This paper studies how potential work migrants infer mortality rates from incidents of migrant deaths. In the context of migrant workers from Nepal to Malaysia and the Persian Gulf countries, the study finds that the death of a migrant from a district lowers migration outflows in subsequent months. Furthermore, this migration response is stronger when there have been more migrant deaths in recent months. Using relevant elasticities, this study finds that the migration response implies large changes in mortality rates perceived by potential migrants. Models of learning fallacies better explain the observed responses than a standard model of rational Bayesian learning.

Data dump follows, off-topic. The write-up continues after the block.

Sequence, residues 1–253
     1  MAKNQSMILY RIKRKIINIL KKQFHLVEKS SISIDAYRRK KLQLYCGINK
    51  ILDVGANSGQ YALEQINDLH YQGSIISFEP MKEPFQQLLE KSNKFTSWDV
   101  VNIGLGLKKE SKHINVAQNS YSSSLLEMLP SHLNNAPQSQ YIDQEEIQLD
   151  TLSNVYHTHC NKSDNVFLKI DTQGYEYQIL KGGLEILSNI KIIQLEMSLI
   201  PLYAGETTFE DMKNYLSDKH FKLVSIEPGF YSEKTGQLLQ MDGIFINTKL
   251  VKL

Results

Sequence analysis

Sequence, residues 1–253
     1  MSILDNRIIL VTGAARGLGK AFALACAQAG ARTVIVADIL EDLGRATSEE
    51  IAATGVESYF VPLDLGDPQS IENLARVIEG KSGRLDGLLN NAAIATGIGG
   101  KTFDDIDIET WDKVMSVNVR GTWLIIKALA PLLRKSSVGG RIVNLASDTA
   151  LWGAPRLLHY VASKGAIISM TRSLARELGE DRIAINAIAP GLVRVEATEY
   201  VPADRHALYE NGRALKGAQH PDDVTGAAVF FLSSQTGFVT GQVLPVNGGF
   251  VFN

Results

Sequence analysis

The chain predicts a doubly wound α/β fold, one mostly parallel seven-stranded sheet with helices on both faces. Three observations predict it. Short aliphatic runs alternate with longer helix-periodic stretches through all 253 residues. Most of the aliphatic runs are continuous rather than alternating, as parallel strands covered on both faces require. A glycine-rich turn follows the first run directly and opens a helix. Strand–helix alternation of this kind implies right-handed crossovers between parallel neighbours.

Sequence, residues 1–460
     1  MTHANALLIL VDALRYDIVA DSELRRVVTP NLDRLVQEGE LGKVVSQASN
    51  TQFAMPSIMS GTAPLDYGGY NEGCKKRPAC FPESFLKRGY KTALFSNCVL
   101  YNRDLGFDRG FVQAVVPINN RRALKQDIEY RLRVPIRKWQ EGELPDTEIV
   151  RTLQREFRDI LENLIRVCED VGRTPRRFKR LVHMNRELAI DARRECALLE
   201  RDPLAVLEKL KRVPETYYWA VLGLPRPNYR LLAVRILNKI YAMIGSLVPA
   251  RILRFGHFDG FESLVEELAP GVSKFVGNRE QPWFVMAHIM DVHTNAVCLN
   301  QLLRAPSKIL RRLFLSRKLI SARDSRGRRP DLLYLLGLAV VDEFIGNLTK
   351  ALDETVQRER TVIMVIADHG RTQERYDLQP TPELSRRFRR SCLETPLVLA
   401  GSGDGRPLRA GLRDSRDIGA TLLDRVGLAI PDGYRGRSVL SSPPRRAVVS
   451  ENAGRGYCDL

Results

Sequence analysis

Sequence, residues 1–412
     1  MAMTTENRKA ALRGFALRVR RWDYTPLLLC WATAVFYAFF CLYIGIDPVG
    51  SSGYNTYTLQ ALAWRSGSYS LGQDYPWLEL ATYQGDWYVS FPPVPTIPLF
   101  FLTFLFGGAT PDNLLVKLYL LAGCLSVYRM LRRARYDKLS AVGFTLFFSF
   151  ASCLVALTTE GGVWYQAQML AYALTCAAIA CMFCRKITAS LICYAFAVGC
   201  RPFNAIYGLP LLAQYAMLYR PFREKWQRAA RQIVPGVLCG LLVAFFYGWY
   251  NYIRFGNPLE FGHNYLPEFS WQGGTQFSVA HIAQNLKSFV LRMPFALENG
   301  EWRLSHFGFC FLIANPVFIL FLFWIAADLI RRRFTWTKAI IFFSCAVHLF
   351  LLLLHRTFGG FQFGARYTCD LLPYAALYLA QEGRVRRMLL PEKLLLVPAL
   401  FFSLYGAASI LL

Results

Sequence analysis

Source: The World Bank